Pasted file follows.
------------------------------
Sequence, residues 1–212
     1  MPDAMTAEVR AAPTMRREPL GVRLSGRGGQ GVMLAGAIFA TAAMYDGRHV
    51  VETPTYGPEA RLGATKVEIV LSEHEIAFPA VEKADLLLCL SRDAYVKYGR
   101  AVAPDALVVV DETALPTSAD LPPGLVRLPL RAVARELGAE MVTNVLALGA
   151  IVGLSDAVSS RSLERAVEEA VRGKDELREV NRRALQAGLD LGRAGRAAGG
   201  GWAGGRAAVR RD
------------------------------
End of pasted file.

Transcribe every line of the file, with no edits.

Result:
Sequence, residues 1–212
     1  MPDAMTAEVR AAPTMRREPL GVRLSGRGGQ GVMLAGAIFA TAAMYDGRHV
    51  VETPTYGPEA RLGATKVEIV LSEHEIAFPA VEKADLLLCL SRDAYVKYGR
   101  AVAPDALVVV DETALPTSAD LPPGLVRLPL RAVARELGAE MVTNVLALGA
   151  IVGLSDAVSS RSLERAVEEA VRGKDELREV NRRALQAGLD LGRAGRAAGG
   201  GWAGGRAAVR RD